By Grainger Editorial Staff 6/30/19
Padlocks can help improve workplace safety by controlling access to energized areas of the plant, warehouse or factory
Padlocks are an important part of a firm’s industrial safety measures—particularly in areas where energized electrical equipment is present and the threat of arc flash accidents is prevalent. Padlocks allow safety supervisors to lock out specific pieces of machinery, equipment or entire areas where repairs or preventive maintenance efforts are taking place.
For controlling hazardous energies, not just any lock will do. OSHA and the National Fire Protection Association (NFPA) have outlined a number of requirements for these devices. According to OSHA, lockout padlocks must be:
NFPA's requirements are similar:
After these basic requirements are met, there are many other factors to consider, including padlock style, keying system and more.
For more information on OSHA’s control of hazardous energy and lockout/tagout standard see: 29 Code of Federal Regulations (CFR) 1910.147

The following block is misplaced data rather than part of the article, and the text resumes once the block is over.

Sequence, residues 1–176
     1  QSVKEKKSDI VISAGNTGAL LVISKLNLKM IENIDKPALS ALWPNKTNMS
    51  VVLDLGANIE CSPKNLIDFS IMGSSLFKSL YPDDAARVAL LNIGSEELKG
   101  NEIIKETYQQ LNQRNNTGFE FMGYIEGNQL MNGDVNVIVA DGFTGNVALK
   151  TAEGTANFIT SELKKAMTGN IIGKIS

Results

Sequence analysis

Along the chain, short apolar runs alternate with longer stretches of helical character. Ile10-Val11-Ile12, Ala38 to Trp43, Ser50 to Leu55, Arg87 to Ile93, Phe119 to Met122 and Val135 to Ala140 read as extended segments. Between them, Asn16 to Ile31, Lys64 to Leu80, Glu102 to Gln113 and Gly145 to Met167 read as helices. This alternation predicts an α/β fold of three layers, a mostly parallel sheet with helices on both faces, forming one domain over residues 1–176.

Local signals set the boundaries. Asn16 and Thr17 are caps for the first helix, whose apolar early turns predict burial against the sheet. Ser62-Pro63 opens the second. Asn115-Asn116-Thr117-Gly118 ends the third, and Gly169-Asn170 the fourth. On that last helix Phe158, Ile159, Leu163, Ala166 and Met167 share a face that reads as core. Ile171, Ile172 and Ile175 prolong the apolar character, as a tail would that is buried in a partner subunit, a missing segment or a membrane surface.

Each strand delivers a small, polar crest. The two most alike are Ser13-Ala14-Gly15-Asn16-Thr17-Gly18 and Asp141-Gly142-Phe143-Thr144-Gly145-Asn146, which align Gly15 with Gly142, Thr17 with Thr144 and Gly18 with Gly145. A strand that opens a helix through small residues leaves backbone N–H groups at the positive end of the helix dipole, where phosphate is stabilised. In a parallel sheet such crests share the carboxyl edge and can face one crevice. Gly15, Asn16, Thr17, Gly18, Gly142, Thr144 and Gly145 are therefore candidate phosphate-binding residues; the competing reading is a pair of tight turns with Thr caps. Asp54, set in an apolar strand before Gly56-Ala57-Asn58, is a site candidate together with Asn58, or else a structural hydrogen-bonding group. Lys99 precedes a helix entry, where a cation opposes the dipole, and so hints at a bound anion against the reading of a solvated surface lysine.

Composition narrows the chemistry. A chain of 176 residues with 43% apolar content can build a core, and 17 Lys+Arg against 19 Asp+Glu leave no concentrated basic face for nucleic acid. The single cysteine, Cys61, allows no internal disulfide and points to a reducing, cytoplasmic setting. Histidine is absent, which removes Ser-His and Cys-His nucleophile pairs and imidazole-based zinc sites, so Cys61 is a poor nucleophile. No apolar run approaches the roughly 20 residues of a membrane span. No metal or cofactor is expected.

For more information on NFPA requirements see: NFPA 70E-2018 Article 120
The information contained in this article is intended for general information purposes only and is based on information available as of the initial date of publication. No representation is made that the information or references are complete or remain current. This article is not a substitute for review of current applicable government regulations, industry standards, or other standards specific to your business and/or activities and should not be construed as legal advice or opinion. Readers with specific questions should refer to the applicable standards or consult with an attorney.